Meet the (Mormon Misfit Magazine) Editors: David


I’m a Mormon.

Or for the insufferable sticklers out there, I am a member of The Church of Jesus Christ of Latter-day Saints.  Don’t get me wrong, I love my Savior dearly, but the title of His church is quite the mouthful.  Personally, I don’t mind the nickname, Mormon, like some do.  It’s easier to say and the prophet Mormon was a pretty incredible dude that I have no problem associating myself with.  He may feel otherwise.

Growing up in congregations in Sacramento, CA., I looked around and realized that, though my hometown is considered one of the most diverse cities in the world, there were a lot of people that looked alike to my young eyes.  My family looked different.  Now, before I move on, I want to make sure that everyone reading this knows that I never once, to my knowledge, encountered any kind of prejudice or racism from my wards, but in my own mind, I didn’t always feel like I belonged.

I am half Samoan and half whatever the politically correct version of “white” is nowadays.  My parents were divorced before I was born so my knowledge of my Samoan culture or heritage was limited.  I looked different than most, okay, all of the kids in my ward.  There was a Samoan branch in our Stake, but my lack of knowledge about that culture made me feel unwelcome to fellowship with any of the kids that happened to look more like me.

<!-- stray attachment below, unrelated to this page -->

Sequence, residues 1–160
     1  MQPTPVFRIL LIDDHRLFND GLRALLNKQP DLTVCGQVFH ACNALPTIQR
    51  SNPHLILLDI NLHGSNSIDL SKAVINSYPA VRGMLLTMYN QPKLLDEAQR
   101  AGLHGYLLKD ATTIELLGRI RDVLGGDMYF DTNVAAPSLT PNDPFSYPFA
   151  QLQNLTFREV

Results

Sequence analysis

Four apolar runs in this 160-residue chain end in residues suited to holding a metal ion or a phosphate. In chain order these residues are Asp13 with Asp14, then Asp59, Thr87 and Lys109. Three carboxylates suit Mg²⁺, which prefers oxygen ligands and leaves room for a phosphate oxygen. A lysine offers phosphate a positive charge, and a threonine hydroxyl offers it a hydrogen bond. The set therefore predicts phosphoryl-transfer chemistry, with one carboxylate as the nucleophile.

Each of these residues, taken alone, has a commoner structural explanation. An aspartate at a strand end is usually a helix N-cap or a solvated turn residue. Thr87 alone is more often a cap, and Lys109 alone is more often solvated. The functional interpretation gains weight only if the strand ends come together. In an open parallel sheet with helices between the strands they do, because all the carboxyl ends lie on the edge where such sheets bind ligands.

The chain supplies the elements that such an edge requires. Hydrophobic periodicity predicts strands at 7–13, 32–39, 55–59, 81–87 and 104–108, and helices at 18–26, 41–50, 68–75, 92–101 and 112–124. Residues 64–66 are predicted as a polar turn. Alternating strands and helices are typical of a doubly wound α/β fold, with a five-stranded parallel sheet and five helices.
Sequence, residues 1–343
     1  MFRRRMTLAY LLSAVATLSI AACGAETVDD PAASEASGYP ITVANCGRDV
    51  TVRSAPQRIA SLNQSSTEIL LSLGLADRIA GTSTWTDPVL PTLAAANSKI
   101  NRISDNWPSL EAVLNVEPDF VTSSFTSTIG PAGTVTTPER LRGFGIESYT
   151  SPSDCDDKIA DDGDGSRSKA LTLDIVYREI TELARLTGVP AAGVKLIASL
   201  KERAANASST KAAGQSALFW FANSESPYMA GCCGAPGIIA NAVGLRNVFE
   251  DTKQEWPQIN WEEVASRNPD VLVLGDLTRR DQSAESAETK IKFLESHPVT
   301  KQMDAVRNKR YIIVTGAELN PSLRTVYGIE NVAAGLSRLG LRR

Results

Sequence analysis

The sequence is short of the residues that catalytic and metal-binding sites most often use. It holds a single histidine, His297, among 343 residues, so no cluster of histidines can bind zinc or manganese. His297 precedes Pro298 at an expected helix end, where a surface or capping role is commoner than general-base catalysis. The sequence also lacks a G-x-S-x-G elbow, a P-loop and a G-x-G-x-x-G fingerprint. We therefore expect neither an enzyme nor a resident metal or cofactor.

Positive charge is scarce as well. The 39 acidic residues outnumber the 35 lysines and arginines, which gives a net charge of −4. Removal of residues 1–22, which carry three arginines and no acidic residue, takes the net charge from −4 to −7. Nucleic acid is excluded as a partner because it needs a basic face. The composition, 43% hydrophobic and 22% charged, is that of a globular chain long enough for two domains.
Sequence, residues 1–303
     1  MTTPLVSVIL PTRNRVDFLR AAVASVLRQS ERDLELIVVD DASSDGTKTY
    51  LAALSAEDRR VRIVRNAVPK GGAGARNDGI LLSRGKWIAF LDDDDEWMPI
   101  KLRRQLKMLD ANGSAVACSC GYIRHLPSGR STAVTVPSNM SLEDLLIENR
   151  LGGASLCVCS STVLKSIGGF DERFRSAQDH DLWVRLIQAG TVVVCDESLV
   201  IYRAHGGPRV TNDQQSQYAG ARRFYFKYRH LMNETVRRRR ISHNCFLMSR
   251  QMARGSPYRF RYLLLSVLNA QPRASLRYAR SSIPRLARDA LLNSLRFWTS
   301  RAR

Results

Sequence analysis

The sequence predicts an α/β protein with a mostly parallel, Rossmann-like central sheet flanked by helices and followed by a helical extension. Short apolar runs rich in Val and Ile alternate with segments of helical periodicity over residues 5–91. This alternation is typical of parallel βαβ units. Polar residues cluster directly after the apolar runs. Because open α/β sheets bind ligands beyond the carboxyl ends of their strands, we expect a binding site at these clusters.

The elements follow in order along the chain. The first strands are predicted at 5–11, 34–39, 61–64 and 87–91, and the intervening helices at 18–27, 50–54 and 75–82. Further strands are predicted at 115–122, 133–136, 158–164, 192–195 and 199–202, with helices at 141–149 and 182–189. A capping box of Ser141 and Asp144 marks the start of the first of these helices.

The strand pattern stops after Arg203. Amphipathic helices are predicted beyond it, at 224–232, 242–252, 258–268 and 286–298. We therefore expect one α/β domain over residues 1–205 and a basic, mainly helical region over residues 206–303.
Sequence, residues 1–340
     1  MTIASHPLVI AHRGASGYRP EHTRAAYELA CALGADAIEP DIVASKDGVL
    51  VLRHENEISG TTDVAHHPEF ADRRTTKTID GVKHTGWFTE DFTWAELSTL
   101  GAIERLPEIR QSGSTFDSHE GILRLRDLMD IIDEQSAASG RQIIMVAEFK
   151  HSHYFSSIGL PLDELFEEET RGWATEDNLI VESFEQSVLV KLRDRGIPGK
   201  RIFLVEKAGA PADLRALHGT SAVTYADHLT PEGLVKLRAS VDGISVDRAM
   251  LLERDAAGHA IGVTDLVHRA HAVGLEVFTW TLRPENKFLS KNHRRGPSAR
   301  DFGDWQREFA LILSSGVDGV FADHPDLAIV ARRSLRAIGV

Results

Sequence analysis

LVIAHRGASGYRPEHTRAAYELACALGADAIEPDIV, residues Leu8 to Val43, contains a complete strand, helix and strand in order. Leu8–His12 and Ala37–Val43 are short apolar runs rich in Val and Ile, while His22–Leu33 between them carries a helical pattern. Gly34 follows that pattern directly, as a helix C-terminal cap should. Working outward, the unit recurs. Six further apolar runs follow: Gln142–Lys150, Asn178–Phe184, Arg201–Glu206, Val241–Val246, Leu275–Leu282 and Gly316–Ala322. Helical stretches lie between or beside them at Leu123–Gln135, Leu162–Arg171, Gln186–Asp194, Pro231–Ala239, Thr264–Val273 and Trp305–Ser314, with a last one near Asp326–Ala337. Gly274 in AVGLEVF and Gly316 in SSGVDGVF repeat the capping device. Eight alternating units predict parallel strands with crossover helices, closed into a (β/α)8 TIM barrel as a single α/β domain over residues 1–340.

Not only did I feel like an outsider by the way I looked, but even more so, in the way I felt and in how I saw the world. I looked at the families around me, and some of my leaders, and saw perfection.  I saw the epitome of what I thought a good Mormon should look like.  It wasn’t me.  I was a Mormon Misfit.

What I’ve come to learn and understand through life experience is that almost everyone we encounter in the church feels this way.  As I’ve served in callings alongside many of those that I had assumed were the “perfect” Mormons, I found that they too had doubts, insecurities, and challenges.  They experienced moments when they felt like frauds for being Lamans or Lemuels sitting in, what they also assumed to be, a congregation of Nephis.

The gospel is the great equalizer.  It forces us to step outside of our comfort zones and serve and love those that we may not have otherwise chosen to even interact with.  It’s not easy and it doesn’t come naturally, but I am grateful for an organization that has put me in circumstances that have helped refine my guarded soul.

We are all Mormon Misfits.  We have different backgrounds and different cultures but the same hurt and the same joy.  We have the same faith, which has the power to gather a bunch of weirdo’s together into a collision of beautiful chaos.  Sometimes we fail.  Sometimes we offend.  But oftentimes we soar and do a whole lot of good.

So a call to arms to all Mormon Misfits:

Continue to believe, and go and light the dark.

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